Randy: Well, I knew my bills were going to get paid. Plus, they were getting some good gigs! [laughs] Musically, it was amazing working with Levon, Rick [Danko], Garth [Hudson], Jimmy Weider, and Richard Bell. The original Band never had two drummers playing at the same time, so there was a learning curve whenever we did the two-kit thing. I had to try to find parts that would complement the classic drum arrangements that Levon had created, without getting in the way. The group wasn’t a jam band; it stuck to strict arrangements. Plus the solo sections were never elaborated on, so I ended up playing more percussion parts and patterns on the kit. I used different sound sources to embellish the tunes but still tried to complement the classic Levon beats. Long story short, I subdivided, added, and subtracted. It was a challenge for sure, and of course trying to help carry on the Band playbook was a pretty special time for me.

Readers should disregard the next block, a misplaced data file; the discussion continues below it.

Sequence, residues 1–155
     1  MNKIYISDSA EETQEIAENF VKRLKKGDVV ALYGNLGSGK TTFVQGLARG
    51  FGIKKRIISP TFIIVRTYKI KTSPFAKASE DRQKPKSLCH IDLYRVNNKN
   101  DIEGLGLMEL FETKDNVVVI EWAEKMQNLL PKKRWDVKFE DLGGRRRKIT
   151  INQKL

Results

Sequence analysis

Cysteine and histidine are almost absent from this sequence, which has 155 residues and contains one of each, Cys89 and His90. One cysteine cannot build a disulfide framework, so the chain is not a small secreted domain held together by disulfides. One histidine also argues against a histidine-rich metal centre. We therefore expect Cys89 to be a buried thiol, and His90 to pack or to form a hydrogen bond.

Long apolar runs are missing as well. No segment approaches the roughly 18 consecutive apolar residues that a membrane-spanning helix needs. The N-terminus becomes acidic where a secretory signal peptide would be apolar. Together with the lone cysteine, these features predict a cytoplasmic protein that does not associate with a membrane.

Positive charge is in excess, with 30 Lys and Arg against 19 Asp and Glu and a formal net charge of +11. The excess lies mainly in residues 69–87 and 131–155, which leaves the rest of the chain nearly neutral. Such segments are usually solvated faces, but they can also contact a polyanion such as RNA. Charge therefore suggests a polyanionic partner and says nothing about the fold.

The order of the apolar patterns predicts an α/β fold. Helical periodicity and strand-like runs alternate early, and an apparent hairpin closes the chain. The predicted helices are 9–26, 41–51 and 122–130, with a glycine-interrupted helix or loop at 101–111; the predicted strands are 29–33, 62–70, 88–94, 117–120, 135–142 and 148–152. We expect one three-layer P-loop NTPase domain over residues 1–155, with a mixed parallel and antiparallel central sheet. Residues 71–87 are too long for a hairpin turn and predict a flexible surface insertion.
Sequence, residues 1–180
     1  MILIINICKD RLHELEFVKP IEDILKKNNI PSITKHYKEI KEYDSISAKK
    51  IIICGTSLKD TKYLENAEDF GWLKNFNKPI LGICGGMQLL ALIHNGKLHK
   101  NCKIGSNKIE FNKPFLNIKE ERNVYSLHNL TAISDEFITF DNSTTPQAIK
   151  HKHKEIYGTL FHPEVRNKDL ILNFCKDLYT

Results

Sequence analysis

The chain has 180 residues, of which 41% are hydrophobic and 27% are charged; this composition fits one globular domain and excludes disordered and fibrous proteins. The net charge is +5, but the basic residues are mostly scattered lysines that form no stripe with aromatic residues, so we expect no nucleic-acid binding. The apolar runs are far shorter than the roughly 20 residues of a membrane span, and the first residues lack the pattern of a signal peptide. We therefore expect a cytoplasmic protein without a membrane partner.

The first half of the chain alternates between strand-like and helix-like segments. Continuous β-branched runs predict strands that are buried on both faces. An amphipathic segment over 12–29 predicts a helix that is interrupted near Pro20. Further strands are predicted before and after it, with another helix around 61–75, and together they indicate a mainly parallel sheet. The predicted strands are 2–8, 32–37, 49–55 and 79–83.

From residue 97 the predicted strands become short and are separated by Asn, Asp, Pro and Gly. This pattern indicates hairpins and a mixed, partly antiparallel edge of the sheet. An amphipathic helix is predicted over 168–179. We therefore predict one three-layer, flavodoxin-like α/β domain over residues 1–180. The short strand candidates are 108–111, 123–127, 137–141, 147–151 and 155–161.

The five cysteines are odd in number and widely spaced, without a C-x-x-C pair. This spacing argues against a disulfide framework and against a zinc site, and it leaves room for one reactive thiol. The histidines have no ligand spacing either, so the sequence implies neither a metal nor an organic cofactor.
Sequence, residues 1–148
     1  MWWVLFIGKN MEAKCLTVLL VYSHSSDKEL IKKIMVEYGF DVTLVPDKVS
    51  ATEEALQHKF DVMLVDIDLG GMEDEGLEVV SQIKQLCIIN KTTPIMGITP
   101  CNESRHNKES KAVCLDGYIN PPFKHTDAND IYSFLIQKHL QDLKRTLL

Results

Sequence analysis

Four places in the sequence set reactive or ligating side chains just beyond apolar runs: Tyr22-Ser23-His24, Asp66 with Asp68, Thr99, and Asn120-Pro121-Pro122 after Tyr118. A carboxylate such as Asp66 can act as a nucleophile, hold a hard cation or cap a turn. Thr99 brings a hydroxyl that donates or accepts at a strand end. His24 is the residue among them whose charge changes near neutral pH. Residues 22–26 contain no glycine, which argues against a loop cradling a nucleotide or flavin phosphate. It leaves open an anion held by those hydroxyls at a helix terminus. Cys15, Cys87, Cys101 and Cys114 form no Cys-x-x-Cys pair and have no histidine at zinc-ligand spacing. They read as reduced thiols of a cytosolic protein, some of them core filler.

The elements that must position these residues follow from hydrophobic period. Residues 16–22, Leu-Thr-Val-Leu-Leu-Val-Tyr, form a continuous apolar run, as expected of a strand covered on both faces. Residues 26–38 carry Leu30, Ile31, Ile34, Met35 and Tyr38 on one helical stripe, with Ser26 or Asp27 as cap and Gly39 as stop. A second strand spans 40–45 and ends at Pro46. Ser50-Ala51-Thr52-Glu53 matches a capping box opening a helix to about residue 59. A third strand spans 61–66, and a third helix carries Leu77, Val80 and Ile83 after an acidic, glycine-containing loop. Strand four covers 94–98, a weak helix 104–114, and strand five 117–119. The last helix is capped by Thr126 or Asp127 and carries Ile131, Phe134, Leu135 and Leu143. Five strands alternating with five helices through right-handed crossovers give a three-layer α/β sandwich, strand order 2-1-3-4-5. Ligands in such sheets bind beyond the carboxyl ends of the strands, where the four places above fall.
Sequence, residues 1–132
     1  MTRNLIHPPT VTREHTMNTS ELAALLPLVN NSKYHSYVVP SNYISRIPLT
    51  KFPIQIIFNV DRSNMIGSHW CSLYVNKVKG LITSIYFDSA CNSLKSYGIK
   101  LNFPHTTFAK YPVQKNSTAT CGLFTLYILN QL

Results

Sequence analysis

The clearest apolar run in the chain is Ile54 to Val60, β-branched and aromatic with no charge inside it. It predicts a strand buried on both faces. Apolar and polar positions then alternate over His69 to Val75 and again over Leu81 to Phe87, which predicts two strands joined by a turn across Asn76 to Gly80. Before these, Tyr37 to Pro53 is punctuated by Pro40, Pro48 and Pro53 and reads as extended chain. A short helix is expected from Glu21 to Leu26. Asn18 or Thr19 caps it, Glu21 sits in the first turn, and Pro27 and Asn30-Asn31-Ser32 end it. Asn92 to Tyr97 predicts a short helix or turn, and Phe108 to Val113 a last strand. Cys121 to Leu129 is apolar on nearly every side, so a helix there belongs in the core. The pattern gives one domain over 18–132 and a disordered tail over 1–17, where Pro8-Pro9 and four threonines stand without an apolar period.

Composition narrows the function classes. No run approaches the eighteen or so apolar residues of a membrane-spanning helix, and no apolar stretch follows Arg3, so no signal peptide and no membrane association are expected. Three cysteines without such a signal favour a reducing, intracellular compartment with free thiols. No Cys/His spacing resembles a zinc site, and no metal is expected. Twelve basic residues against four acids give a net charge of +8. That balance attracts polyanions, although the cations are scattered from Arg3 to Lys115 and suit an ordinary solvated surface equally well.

MD: With this comeback of sorts, the music came under a great deal of scrutiny. Did you feel any pressure at the time, especially from original Band purists?

Randy: You’re never going to please everybody, so my barometer was the guys I was working with. We were doing a lot of laughing, and we had some really good moments playing the shows. We played some well-received concerts in that ten-year span. Some of the purists may have missed the good old days, but I think a good amount of them were happy to see the original members playing their classic hits again, and hopefully a few of the newer things we created also stuck in their playlist.

MD: Let’s take Jericho as a point of reference: It was a landmark album, and it netted some new classics. Tell us about the vibe at the time, and could you describe a typical session from that album?